A Federal Court judge has refused drug company Merck's $540,000 settlement with Australians who claim its drug Vioxx caused them a heart attack, labelling the deal an "obvious injustice".
More than 1700 people joined a class action against the Australian arm of the international pharmaceutical company, claiming their heart trouble stemmed from taking its arthritis drug.
The parties reached a $540,000 settlement last month, subject to Federal Court approval, which would have resulted in the proceedings being dismissed and the matter finalised, meaning no future claims could have been brought against Merck over the drug.
Justice Christopher Jessup refused to approve the settlement on Friday, having last month expressed concern about its fairness.
The court had heard successful applicants would receive a maximum of $2000 if they were alive, and their estate would get $1500 if they were dead.
If the total payout for living claimants was to exceed $497,500, that figure would be divided equally among them.
The maximum payout for dead claimants would be $45,000.
It was estimated that only 200 to 300 claimants would meet the eligibility criteria, which required them to prove they suffered a heart attack after taking Vioxx for a certain period.
The lead plaintiff, Victorian grandfather Graeme Peterson, was awarded $330,000 in 2010 after Justice Jessup found Vioxx caused him to have a heart attack.
That decision was overturned on appeal to the Full Court but the judgment still allowed others to continue legal action over Vioxx.
Justice Jessup said the settlement had "very obvious advantages" for Mr Peterson, who would be relieved of hefty legal costs he owes to Merck after losing his case.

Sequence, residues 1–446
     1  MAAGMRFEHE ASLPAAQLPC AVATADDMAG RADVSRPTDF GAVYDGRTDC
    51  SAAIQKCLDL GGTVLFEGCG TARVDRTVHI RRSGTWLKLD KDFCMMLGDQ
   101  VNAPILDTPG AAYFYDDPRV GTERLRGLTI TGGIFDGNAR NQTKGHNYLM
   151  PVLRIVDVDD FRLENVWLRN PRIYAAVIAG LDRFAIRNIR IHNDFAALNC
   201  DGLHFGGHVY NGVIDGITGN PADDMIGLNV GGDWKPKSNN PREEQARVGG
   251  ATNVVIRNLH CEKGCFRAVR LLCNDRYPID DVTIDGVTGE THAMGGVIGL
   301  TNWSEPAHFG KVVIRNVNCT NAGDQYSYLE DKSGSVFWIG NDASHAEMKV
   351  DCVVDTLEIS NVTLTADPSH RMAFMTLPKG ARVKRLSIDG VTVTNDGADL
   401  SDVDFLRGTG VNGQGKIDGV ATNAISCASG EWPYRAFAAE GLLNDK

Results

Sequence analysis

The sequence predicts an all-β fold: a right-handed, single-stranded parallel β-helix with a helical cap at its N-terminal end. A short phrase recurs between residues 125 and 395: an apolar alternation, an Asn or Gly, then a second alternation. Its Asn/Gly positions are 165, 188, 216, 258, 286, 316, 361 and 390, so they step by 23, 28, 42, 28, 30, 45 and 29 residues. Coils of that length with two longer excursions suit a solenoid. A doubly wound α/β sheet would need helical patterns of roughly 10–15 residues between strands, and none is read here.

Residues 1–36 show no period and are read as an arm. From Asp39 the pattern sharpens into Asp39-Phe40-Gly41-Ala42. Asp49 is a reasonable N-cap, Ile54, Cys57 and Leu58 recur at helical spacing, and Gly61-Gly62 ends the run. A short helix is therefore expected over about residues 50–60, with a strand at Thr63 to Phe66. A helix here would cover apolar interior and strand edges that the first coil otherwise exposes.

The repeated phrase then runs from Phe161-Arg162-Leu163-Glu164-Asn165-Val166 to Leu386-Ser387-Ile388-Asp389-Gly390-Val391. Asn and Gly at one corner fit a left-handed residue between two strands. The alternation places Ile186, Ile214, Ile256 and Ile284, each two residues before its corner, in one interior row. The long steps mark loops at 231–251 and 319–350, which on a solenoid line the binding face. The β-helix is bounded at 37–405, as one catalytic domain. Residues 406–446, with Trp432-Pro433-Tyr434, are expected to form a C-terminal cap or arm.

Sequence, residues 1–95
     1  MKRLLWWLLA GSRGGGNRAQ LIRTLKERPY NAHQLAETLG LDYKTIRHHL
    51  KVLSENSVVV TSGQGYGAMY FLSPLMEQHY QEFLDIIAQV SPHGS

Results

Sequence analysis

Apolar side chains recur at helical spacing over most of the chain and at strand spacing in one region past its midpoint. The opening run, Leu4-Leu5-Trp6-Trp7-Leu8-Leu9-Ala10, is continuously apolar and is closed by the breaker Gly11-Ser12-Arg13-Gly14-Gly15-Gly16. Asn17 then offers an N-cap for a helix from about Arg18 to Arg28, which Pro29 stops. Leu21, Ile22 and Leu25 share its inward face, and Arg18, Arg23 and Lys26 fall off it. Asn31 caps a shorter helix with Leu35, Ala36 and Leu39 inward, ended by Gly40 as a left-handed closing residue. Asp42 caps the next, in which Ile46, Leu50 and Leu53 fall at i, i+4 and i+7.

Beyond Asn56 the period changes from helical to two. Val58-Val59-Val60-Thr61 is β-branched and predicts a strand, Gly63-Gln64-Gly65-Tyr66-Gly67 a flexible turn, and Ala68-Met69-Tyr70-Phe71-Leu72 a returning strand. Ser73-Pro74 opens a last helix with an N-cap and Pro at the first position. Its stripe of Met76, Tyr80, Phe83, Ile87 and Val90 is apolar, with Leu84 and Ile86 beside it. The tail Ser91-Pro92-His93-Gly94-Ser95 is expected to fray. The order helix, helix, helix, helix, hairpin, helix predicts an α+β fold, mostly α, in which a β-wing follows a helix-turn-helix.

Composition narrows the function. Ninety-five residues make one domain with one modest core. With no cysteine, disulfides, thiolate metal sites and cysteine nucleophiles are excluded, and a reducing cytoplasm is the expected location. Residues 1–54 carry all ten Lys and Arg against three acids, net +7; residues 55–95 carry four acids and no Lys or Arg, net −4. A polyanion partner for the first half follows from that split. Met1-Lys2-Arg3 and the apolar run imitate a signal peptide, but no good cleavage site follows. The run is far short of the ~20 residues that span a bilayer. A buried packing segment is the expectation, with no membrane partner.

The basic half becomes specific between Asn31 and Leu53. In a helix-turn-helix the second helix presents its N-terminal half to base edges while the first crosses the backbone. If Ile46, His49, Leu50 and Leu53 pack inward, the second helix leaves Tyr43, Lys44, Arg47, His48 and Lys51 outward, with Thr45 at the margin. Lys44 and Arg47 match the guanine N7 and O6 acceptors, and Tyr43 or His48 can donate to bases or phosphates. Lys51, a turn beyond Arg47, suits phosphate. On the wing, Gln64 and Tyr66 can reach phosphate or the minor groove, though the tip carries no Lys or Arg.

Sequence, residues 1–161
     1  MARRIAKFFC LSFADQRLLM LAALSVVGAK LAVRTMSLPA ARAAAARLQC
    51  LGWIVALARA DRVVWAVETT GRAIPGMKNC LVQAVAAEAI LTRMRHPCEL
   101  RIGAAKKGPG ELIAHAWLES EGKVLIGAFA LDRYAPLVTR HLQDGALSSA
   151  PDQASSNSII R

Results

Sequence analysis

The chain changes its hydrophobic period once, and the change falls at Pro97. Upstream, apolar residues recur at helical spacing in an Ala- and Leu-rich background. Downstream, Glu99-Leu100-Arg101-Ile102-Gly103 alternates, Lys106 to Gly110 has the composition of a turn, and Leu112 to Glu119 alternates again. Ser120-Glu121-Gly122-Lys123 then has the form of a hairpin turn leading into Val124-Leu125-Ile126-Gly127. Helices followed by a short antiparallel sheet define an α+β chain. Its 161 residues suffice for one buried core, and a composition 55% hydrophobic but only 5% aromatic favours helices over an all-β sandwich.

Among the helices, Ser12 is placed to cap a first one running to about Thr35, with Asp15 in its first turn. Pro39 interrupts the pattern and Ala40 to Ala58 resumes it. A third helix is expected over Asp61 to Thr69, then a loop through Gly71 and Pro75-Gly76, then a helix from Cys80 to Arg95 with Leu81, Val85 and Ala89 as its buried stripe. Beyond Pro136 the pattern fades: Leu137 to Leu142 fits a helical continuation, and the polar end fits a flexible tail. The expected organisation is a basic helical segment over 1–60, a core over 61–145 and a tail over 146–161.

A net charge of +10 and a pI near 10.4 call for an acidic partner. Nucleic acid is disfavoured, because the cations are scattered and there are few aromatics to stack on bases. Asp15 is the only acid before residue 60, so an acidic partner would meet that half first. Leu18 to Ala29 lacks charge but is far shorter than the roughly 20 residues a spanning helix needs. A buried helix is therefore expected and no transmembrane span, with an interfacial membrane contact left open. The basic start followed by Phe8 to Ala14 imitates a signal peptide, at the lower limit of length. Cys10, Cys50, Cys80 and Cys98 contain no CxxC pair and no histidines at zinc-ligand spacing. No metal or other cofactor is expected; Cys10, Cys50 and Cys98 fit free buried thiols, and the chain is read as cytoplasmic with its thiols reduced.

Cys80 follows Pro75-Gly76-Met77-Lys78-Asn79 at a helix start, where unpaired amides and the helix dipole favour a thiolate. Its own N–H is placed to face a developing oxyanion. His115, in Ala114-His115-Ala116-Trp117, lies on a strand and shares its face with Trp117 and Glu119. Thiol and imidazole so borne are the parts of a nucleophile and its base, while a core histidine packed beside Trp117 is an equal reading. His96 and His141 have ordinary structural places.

He said the claimants' law firm Slater and Gordon, who have spent millions of dollars on the case but will not receive any payment for their services, also "have a very real interest in securing the settlement".
But the settlement did not make an "important discrimination" between group members like Mr Peterson who had other risk factors when they had their heart attack, and those who had no other risk factors other than taking Vioxx, he said.
"For a group member who might, consistently with the reasons of the Full Court, anticipate a favourable judgment, the settlement would represent an obvious injustice," Justice Jessup said.
"(Mr Peterson) has taken upon himself the burden of conducting a representative proceeding.
"(It would) make it both unfair and unreasonable of him now, in effect, to walk away from the claims of those group members on the strength only of being able to settle the claims of the less deserving group members."
Claimant Trevor Whitehead, who objected to the settlement, said he was pleased there was potential for a better outcome.
"This case is complex and the settlement offer will also need to be complex in nature if the individual class members have any chance of receiving a fair and reasonable settlement for themselves," he told AAP.
The judgment means the parties can either try to renegotiate a new deal or take the case back to trial with a new lead plaintiff.
A Slater and Gordon spokesman said the firm was considering the judgment and would get instructions about options for the future of the proceedings.
Comment was sought from Merck.